Sep 21 2018

Croydon Cat Killer Found

You know, investigating can be difficult. There are many pitfalls, and it is easy to fool yourself, even when others are not trying to fool you. Critical thinking skills are indispensable to any investigative endeavor – along with specific domain knowledge.

Case in point – the mysterious case of the Croydon Cat Killer. For three years the mystery mutilator killed pet cats, eviscerated them, removed their heads and tails, and deposited the remains on display. Tabloids warned that the perpetrator would likely soon move onto humans. Veterinary pathologists and the metropolitan police were flummoxed. PETA offered a reward, and detectives from South Norwood Animal Rescue and Liberty (SNARL) found evidence of human involvement.

Investigators even worked up a profile of the likely suspect (40, male, problems with women, etc.).

Recently the metropolitan police announced that they solved the case, and the perpetrator is – normal predation and scavenging.

“In three instances where CCTV was obtained, footage showed foxes carrying bodies or body-parts of cats,” police said, referring to surveillance video.

A forensic veterinarian on the task force concluded that “the mutilations had been caused by predation and/or scavenging, and highlighted that fox DNA had been found around the wound sites on all five bodies.”

This is, of course, an epic and embarrassing fail, which is why it is spreading so enthusiastically on social media. What went wrong?

Well, an SGU listener who happens to work for the London Metropolitan Police wrote me the following:

While I was not part of the investigation, when I first read about it back in 2016, I was immediately reminded of cattle mutilations and how those incidents can be explained by natural causes. The associated moral panic, which you have previously talked about on the show, was for me, another interesting angle to the story.

Too bad this skeptic wasn’t on the case, because his immediate reaction turned out to be correct, and the analogy is perfect.

UFO enthusiasts claim that co-called cattle mutilations are evidence that aliens have come to the Earth to experiment on our livestock, leaving the remains behind with evidence of their advanced surgical techniques. There are problems with such claims, however (other than the obvious fact that it is absurd).

It is a good example of what none-other than Sherlock Holmes warned about,

“It is a capital mistake to theorize before one has data. Insensibly one begins to twist facts to suit theories, instead of theories to suit facts.”

In the case of cattle mutilations, apparent anomalies were interpreted through the lens of belief in alien visitations. For example, cattle are sometime eviscerated, their tongues and some internal organs removed. Other observers note that cuts were perfectly straight, as if they were made by a laser.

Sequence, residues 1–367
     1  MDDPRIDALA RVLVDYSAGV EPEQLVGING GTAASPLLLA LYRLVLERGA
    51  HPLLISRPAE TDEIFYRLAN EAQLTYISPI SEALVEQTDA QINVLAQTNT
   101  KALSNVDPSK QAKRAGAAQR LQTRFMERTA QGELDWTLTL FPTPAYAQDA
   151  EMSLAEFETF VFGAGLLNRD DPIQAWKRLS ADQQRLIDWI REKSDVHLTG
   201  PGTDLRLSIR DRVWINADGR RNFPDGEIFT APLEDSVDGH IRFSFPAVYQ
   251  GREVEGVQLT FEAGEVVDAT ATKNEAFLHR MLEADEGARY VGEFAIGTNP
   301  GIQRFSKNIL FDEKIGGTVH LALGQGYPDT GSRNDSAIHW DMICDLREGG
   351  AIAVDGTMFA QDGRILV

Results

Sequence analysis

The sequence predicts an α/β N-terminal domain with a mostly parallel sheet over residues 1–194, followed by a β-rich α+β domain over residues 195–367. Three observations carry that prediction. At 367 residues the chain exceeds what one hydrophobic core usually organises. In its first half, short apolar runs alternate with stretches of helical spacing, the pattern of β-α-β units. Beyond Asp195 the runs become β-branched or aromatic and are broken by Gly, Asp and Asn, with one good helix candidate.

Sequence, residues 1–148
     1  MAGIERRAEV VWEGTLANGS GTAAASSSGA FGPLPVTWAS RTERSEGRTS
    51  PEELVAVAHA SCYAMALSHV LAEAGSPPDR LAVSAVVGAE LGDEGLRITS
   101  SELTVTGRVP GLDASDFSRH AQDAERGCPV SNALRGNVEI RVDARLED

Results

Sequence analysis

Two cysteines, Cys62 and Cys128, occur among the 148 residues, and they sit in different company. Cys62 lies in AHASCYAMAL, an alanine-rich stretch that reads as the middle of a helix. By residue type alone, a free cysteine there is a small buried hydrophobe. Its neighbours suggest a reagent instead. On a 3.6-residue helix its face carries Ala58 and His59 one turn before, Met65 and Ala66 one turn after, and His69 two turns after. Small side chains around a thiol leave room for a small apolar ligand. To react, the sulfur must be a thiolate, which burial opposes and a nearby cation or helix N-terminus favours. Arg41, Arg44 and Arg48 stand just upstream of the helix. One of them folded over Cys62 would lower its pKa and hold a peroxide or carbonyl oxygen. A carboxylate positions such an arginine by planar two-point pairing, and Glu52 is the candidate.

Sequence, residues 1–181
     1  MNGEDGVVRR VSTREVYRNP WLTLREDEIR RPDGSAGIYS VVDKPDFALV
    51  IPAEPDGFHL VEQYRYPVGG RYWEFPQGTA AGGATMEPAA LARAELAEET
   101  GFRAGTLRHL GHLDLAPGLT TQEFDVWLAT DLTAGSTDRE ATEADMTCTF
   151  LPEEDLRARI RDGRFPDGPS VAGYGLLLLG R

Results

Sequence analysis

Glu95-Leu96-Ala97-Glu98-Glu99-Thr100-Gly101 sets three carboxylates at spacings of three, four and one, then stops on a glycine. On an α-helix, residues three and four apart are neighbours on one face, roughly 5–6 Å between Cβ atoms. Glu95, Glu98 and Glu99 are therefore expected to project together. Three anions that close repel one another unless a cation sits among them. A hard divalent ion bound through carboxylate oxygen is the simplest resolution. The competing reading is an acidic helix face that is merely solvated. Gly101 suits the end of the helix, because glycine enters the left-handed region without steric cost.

Scavengers, however, are known to eat the tongues and internal organs of dead animals. Also, when a dead animal dehydrates, their hide stretches. The stretching can make any cut seem laser straight. The FBI was even called in to investigate, and concluded that the most credible interpretation was natural predation and scavenging.

With the cat killer, theories ran wild without any supporting evidence. Once there was a full panic in place that some psychopathic killer was practicing on pets, then all the details were made to fit that theory. Cats were killed by some blunt force trauma, then mutilated, then moved. So therefore the killer was bludgeoning the cats, then playing with their bodies, and then leaving them for display.

One investigative failure (also pointed out by Holmes) was a failure to consider alternative explanations. Even when you have a theory that you can make to fit the evidence, you have to ask yourself – are there other potential theories (perhaps simpler ones) that also fit the evidence?

In this case, if someone had seriously asked – could this be simple predation and scavenging, the case could have been closed three years ago. Essentially, foxes were feeding on cat roadkill. Perhaps they were sometimes killing them outright. That’s it. Foxes. I think Occam may also have something to say here.

The meta-lesson here, again, is that critical thinking skills are essential to any investigation (medical, criminal, scientific). There are numerous examples of law enforcement investigations gone horribly wrong because of lack of skepticism.

Professional investigators tend to learn their critical thinking skills on the job, through experience. However, it would be better to supplement this kind of learning with more formal education in the critical thinking of investigations.

When I was in medical school I took an elective course on applying lessons from the stories of Sherlock Holmes to medical diagnosis and investigations. It was probably the best course I took in medical school. Courses like this should not be an elective.

The Croydon Cat Killer case is yet another example that demonstrates the need for more formal training in critical thinking. It will also certainly live on as an infamous case in the skeptical repertoire.


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